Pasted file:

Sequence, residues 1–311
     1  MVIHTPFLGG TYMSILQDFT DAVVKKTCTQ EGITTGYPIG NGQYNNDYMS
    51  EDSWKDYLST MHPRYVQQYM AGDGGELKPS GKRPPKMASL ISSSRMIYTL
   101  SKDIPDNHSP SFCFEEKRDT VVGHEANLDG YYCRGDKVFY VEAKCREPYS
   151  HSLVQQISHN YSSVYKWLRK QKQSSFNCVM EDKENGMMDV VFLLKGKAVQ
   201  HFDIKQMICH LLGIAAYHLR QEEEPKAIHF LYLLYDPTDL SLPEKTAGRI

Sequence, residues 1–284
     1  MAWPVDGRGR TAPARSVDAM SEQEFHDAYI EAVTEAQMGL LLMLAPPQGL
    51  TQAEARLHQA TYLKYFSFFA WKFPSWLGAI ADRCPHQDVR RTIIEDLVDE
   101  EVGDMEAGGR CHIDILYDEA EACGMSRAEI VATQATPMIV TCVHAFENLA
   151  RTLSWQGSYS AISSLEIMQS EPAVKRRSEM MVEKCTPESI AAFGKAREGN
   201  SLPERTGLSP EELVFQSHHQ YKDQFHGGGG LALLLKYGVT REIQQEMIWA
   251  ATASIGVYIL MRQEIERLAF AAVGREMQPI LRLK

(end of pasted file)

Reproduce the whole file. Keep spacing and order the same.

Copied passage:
Sequence, residues 1–311
     1  MVIHTPFLGG TYMSILQDFT DAVVKKTCTQ EGITTGYPIG NGQYNNDYMS
    51  EDSWKDYLST MHPRYVQQYM AGDGGELKPS GKRPPKMASL ISSSRMIYTL
   101  SKDIPDNHSP SFCFEEKRDT VVGHEANLDG YYCRGDKVFY VEAKCREPYS
   151  HSLVQQISHN YSSVYKWLRK QKQSSFNCVM EDKENGMMDV VFLLKGKAVQ
   201  HFDIKQMICH LLGIAAYHLR QEEEPKAIHF LYLLYDPTDL SLPEKTAGRI

Sequence, residues 1–284
     1  MAWPVDGRGR TAPARSVDAM SEQEFHDAYI EAVTEAQMGL LLMLAPPQGL
    51  TQAEARLHQA TYLKYFSFFA WKFPSWLGAI ADRCPHQDVR RTIIEDLVDE
   101  EVGDMEAGGR CHIDILYDEA EACGMSRAEI VATQATPMIV TCVHAFENLA
   151  RTLSWQGSYS AISSLEIMQS EPAVKRRSEM MVEKCTPESI AAFGKAREGN
   201  SLPERTGLSP EELVFQSHHQ YKDQFHGGGG LALLLKYGVT REIQQEMIWA
   251  ATASIGVYIL MRQEIERLAF AAVGREMQPI LRLK